It’s been over six months since the Hunger Games series ended and the world is crying out for another decent YA adaptation. Divergent did not prove to be diverting, The Maze Runner left us totally lost and Mortal Instruments sounds more like a heavy metal band than a film for teenagers. In fact, you can find a great comprehensive list of every failed YA series since Harry Potter here – cheers Indiewire.
The answer to the Young Adult franchise drought? Animorphs.
If you aren’t familiar with this nineties kids epic, Animorphs is a series of 54 novels and 6 companion books written (mostly) by K.A. Applegate, released from 1996 to 2001, and also later made into a kids’ TV show. Five American teens are on their way back from school one evening when they stumble upon an alien spaceship.
It’s piloted by Prince Elfangor, a member of the Andalite race (picture a blue centaur with a scorpion’s tail). He reveals that an evil alien race of Yeerks – slug-like creatures that crawl into a human’s ear canal and take over their minds and bodies – are slowly enslaving humanity. Just as he endows the lucky teens with the Andalite ability of morphing into any animal that they touch, the Yeerks arrive and kill him, leaving the teens to fight alone in a war to save humanity’s very existence…
So far, so wacky. But hold off on any judgement just yet: there’s much more depth to Animorphs than spaceships and shapeshifting. Besides, after Guardians of the Galaxy, Thor and even, god forbid, Jupiter Ascending, what’s a little bit of alien animal-morphing technology? Audiences of today are used to alien fantasy being mixed with a meaningful plot: clearly the timing is right for an Animorphs revival.
Nineties nostalgia is at a peak high, bankrolling both BuzzFeed Rewind and the recent All Saints comeback. Animorphs speaks to a pre-internet generation who love nothing more than to reminisce about what it was like when people actually went outside. In all seriousness, Jake, Cassie, Rachel, Tobias and Marco were a next-gen version of the Famous Five and the millennial audience is ready to get back onboard.
Children of the noughties want rich, complex narratives with material they can debate and analyse. With a wealth of canon material behind them, a diverse set of characters and plenty to say on violence, war, suicide, mind control and morality, the series is ripe for an intense Tumblr fandom. Just as the vampire trend exhausted Generation Y, Generation Z’s appetite for dystopian fiction must surely be waning. Enter Animorphs, something completely new and distinctive from the current crop of YA adaptations.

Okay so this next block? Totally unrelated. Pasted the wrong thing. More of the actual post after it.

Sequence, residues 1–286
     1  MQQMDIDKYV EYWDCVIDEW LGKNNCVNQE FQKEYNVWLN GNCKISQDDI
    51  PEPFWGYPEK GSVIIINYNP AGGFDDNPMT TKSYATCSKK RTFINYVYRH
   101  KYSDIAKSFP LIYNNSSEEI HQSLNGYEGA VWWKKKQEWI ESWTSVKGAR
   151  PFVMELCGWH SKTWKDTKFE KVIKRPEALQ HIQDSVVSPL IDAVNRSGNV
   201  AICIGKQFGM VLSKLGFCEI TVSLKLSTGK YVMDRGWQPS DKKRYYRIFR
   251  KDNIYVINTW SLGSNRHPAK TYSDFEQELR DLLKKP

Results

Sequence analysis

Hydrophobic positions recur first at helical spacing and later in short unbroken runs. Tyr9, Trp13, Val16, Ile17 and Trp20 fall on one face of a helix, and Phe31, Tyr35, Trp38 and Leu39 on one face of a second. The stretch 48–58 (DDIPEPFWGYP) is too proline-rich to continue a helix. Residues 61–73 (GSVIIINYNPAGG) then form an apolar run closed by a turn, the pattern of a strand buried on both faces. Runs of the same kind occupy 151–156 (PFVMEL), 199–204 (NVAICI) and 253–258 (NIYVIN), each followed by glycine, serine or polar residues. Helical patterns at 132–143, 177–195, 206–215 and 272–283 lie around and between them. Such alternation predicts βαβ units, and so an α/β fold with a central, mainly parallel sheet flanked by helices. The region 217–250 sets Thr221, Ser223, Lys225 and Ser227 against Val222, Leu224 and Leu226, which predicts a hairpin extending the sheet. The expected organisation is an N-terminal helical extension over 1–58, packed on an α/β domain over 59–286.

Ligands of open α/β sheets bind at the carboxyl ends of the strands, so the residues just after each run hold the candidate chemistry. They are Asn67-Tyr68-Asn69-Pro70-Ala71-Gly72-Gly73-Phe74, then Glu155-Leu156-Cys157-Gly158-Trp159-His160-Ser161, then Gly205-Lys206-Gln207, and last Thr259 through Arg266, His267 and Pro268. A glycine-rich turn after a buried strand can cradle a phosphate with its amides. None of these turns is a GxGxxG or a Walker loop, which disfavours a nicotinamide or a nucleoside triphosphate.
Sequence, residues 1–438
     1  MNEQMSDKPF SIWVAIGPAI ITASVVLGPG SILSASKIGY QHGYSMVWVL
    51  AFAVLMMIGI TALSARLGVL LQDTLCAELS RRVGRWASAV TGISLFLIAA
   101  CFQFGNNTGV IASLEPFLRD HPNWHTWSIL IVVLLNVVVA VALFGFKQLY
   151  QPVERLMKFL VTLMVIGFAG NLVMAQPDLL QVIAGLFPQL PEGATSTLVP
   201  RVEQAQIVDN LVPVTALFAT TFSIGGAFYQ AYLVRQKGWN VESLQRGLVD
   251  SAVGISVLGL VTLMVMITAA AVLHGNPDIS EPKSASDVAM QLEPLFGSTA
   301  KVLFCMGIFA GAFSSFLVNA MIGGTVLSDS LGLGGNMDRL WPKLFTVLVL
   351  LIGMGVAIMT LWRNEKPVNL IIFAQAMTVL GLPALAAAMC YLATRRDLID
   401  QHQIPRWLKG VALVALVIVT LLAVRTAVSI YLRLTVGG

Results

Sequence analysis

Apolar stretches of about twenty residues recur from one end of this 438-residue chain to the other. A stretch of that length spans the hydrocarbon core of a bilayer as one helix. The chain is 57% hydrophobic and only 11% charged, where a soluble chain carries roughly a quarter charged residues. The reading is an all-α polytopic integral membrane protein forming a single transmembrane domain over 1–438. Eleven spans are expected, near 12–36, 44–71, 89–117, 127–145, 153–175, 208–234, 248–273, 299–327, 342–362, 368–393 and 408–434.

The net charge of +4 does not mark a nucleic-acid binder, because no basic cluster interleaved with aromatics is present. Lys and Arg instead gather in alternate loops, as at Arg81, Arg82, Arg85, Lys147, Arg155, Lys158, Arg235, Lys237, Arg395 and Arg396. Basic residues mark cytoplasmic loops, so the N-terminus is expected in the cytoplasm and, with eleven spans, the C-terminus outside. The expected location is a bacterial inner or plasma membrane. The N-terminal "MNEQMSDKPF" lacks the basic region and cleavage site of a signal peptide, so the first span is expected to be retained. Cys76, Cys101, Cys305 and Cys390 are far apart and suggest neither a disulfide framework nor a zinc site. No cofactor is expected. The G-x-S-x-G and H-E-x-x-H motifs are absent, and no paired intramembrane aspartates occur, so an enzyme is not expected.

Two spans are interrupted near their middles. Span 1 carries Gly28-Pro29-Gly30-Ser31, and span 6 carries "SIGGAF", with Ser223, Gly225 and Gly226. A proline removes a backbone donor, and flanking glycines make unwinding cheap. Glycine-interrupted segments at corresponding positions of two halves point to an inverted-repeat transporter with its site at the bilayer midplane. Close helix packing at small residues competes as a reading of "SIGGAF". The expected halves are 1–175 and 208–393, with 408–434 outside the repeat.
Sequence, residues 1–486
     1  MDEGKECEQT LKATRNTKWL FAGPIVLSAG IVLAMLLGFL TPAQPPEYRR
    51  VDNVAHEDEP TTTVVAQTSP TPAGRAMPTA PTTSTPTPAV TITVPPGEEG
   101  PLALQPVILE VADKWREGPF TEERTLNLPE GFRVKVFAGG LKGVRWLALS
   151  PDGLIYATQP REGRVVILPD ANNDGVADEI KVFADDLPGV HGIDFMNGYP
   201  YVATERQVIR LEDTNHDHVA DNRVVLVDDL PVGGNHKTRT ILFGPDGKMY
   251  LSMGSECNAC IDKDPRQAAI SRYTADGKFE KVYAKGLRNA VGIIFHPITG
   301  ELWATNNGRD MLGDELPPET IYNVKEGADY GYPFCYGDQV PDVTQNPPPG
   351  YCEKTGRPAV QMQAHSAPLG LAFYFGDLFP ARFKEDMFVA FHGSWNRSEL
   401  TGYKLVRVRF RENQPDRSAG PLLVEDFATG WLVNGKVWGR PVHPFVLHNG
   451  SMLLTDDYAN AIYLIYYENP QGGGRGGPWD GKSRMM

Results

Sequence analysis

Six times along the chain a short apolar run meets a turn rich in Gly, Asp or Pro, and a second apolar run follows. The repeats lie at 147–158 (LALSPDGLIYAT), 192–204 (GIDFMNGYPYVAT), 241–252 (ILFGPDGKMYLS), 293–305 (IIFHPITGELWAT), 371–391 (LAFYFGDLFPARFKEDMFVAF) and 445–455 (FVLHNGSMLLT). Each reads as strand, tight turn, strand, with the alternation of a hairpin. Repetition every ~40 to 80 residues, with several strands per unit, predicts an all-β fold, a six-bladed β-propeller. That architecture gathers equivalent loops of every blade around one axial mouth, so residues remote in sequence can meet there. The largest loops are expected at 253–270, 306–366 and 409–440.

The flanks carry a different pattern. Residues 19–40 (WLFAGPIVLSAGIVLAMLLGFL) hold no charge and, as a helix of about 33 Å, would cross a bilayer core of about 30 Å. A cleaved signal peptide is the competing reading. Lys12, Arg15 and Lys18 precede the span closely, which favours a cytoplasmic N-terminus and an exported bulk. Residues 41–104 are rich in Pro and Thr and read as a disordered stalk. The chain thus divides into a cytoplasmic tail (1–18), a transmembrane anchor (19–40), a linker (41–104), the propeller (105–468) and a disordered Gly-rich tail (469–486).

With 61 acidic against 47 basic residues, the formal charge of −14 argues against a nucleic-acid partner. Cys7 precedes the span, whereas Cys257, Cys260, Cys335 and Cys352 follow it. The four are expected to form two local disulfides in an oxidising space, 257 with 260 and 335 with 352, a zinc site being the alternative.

That may seem odd for an old book series but the fact that it’s not dystopian fiction and also is technically set in the past makes it a breath of fresh air (if you’d like to feel old, this year marks two decades since Animorphs was released). The allure of dystopian fiction has always been its ability to reveal unsettling aspects of our current society and its willingness to hand over power to teens to save the world. Animorphs still lets teens save the world, but it has a lot more in common with the current Marvel Cinematic Universe than it does The Hunger Games, both in content and tone. The gang of five have superpowers and are fighting an alien race (sound familiar?) but there is time for jokes amongst the tragedy, never taking itself more seriously than it has to. Though Marvel is riding high at the moment, the superhero bubble has to burst, and when it does, Animorphs can step right in.
At its heart, it is a great story. While dystopian franchises like Hunger Games or Divergent and the MCU all have something to say about government and society, Animorphs, arguably, is primarily concerned with the fundamental nature of humanity. Heavy stuff, maybe, but the series deserves serious kudos for the way it grapples again and again with what it means to be human. As its teen protagonists morph from animal to animal, they take on characteristics of the creatures they become: sometimes bloodthirsty and violent but equally playful, kind, or brave. It’s a brilliantly heightened way to explore humans: their dreams, their hopes, their failings, their strengths.
Horrifyingly, there is a time limit on each morph: if they stay as an animal for too long, they risk remaining in that form forever. In one of the smartest and most terrifying plot points of the series, (SPOILER ALERT) Tobias gets stuck as a hawk on an early mission and is left to pick up the pieces of his humanity. There is also, of course, the horror of the Yeerks taking over a human’s brain – an idea stolen by Stephenie Meyer’s The Host – rendering them immobile and silent in their own body. Much like The Hunger Games, Animorphs rarely gives its characters an easy out. Without spoiling any more, it never shies away from delving into the darkest dangers of each adventure.
Unfortunately, despite recurring rumours to the contrary, there are no confirmed plans to actually make Animorphs into a movie series. Even worse, one of the series’ authors, Michael Grant, has clearly stated that he would not like for the series to be adapted, mentioning that he doesn’t want “a replay of the Animorphs TV series”. Ouch. Still, with the right director (how about it Alfonso Gomez-Rejon?) a dedicated company behind it (you know you want to Summit Entertainment) and a J.K. Rowling level of input, hopefully they might yet be convinced.
Until then, here is a message from the Animorphs themselves:
We can’t tell you who we are. Or where we live. It’s too risky, and we’ve got to be careful. Really careful. So we don’t trust anyone. Because if they find us… well, we just won’t let them find us. The thing you’ve got to know is that everyone is in really big trouble. Yeah. Even you…